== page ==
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Galaxy Blues by Allen Steele
Review by Ernest Lilley
Ace Hardcover  ISBN/ITEM#: 9780441015641
Date: 01 April 2008 List Price $24.95 Amazon US / Amazon UK / Show Official Info /

As much as I enjoyed Allen Steele's Coyote trilogy, and really, I did, I'm delighted to find that his newest book set in the same universe, a bit after the last, doesn't take place on the rustic colony planet, but where a good science fiction novel should: starfaring into harm's way and hanging out with aliens who think we're rude hicks.

Jacques Truffaut is as bright and eager a space cadet as you're likely to find. Like many a youngster in the golden SF days of yesteryear, he's a natural at piloting and astrogation, and his first best destiny is in Earth's Union Astronautica space fleet. He's also a devoted older brother, which turns out to be his undoing, and a baseball fan, which just makes him a little more human.

His younger brother, it turns out, isn't a natural spacehound, but making it through the academy would offer him a better life than the one they both left behind, so Jacques was willing to bend the rules a bit to help him get by. Unfortunately it blows up in his face, and by the time we meet him in the opening chapter of the book, he's engineering that most difficult of all space-epic escape plans: stowing away on an interstellar cruise ship.

Now, while that may all sound like stuff we've seen done before, Steele breathes plenty of fresh life into it. He has the gift of being able to mine the past, present and future for the best parts of each and fitting them together to make something both recognizable and completely his own. All of which is set against the backdrop he's created over a series of books about the human colony on Coyote, just a wormhole jump away from Earth and on the edge of the greater galactic (alien) civilization, where hicks from humanity are definitely not welcome.

Jacques is hoping that Coyote could use a freshly minted spacehand in its small navy, and he's willing to take desperate chances to get there and claim asylum. It doesn't quite work out the way he'd planned, though he does manage a run to first, a slide into second and a valiant attempt to steal third and get on Coyota-firma before getting called out by the ump. Fortunately, someone does need a spacehand, someone with connections, and our boy finds himself up at bat again, this time as shuttle pilot on humanity's first trade mission to the stars.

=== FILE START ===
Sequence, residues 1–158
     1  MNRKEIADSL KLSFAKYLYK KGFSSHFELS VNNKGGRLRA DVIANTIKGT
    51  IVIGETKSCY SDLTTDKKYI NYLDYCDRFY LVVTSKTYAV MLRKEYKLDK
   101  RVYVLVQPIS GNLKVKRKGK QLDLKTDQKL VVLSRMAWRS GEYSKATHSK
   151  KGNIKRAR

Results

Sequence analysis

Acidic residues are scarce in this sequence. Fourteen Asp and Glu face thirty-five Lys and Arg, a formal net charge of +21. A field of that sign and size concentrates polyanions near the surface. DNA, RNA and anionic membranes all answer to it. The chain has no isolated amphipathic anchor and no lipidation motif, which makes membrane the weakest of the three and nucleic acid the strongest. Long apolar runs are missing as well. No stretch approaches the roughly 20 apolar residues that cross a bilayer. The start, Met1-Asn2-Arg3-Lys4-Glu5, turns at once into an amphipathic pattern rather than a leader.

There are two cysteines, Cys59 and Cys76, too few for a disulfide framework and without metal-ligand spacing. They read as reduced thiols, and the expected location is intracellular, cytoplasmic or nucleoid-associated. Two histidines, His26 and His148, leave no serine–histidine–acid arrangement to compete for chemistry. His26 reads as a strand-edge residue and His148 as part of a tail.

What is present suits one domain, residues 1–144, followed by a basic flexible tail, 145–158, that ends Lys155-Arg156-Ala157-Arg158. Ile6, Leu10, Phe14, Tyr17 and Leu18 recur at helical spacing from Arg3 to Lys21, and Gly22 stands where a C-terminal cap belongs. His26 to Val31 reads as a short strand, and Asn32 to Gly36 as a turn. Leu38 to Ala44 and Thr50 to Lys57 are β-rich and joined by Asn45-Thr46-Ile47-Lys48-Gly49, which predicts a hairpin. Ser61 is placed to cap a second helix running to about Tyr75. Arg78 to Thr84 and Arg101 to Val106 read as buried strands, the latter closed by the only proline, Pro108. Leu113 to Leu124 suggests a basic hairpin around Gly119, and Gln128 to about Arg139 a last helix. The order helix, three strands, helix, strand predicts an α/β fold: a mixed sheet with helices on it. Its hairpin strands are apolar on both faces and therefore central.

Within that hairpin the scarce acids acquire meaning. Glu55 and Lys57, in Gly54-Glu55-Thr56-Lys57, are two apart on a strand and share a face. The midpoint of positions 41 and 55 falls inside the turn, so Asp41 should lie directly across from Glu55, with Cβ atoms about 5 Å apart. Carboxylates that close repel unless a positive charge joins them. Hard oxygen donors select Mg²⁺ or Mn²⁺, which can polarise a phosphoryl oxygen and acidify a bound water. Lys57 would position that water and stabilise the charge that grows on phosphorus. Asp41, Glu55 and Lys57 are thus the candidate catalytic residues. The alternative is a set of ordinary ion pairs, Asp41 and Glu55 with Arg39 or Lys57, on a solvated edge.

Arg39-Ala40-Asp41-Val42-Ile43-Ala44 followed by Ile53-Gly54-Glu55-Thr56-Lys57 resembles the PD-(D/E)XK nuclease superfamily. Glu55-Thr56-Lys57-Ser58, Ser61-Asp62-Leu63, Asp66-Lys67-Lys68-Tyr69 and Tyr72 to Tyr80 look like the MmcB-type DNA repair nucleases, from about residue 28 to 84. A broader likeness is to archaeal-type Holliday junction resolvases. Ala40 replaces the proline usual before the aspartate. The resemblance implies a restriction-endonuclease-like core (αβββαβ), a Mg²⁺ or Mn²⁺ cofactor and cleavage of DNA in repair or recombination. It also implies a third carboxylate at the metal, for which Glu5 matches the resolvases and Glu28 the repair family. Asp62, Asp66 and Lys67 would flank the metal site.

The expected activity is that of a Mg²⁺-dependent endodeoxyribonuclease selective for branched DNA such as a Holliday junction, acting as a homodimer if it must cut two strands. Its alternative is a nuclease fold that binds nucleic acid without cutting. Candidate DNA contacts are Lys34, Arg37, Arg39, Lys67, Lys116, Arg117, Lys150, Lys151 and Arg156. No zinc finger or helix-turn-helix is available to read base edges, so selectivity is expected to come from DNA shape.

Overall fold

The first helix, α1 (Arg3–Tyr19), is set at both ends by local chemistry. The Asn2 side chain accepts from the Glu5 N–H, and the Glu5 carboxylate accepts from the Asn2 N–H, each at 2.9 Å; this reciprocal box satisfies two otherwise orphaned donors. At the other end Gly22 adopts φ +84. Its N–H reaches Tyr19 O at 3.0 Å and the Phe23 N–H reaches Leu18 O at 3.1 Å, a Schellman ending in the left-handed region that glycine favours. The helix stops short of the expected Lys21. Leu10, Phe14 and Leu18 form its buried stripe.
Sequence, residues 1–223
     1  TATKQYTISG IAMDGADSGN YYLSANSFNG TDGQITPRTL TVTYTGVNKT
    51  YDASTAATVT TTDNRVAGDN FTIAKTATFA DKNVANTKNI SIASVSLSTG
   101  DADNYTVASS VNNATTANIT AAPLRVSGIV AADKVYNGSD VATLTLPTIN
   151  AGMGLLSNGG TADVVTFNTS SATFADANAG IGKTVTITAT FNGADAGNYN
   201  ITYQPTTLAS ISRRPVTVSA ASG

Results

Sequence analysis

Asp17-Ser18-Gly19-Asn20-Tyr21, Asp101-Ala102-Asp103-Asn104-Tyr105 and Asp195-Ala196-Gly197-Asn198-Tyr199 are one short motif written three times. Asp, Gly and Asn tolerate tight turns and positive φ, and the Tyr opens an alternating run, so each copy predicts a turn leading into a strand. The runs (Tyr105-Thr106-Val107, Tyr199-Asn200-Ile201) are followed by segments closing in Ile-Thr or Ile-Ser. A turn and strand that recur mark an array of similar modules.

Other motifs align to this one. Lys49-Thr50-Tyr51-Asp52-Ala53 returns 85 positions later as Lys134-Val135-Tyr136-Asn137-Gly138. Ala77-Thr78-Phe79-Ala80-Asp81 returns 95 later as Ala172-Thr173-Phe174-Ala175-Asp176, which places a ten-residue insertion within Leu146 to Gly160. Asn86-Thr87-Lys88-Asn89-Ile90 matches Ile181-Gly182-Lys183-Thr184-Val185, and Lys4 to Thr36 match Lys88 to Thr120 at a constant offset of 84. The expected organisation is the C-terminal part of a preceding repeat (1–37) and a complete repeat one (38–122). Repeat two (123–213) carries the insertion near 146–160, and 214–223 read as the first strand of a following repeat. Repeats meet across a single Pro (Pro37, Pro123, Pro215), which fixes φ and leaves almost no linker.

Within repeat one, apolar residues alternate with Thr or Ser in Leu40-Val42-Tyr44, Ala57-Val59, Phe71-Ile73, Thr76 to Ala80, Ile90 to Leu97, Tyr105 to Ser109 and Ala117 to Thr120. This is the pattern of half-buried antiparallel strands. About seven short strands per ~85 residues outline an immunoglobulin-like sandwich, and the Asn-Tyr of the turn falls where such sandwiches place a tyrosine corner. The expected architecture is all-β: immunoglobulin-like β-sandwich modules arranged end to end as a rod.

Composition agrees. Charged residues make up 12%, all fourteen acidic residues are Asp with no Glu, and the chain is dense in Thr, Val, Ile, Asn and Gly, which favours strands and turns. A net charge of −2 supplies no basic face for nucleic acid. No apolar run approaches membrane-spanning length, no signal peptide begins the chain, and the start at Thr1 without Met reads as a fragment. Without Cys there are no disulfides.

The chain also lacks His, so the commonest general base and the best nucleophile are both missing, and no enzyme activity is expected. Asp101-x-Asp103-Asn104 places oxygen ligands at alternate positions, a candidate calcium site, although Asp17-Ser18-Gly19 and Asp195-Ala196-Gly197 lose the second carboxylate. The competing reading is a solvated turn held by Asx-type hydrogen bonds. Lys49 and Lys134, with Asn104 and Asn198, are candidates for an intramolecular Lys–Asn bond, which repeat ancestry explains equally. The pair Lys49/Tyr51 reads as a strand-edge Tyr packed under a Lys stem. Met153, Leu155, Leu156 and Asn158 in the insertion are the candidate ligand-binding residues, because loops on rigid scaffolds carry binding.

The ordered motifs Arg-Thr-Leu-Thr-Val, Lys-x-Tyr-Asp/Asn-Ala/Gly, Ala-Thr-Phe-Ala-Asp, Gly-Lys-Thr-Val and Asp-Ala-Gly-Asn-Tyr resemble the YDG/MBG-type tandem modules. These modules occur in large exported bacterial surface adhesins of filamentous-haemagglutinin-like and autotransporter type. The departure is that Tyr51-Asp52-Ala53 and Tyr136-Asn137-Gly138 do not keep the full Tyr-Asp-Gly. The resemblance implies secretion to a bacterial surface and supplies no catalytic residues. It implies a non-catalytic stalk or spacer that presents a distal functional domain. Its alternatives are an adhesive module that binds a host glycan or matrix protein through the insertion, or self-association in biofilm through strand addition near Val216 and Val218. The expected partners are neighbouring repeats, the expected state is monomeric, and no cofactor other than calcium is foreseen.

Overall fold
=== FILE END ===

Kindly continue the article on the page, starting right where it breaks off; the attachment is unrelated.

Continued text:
Along for the fun are a couple of characters from previous Coyote stories, including a rebellious young gal from Coyote named Raini with her own dark family history surrounding her brother, which makes her ability to relate to Jacques pretty sticky. Though they are both teen-ish in their attitudes, Steele has done a nice job of showing how their different histories work for and against them as the crew of the good starship "Pride of Cucamonga" go from strangers to teammates on a "first contract" mission. (By the way, if you haven't read Greg Costikyan's First Contract, allow me to recommend it for the next book after you finish Galaxy Blues.)

I don't think I can keep from pointing out that Galaxy Blues is as Heinleinesque a book as you're likely to ever find, and indeed, you'll find lots of bits in here that are more likely than not pure tribute. Like when our young protagonist tries to pick up a book in an alien guest room tricked out to look like a human library, to find that the book is just a prop. Shades of Kip in Have Spacesuit will Travel. In fact, there's a lot of Kip in Jacques Truffaut, and a fair amount of Podkayne in Raini.

In Steele's capable hands, though, Galaxy Blues moves beyond the well-worn path and into new territory.

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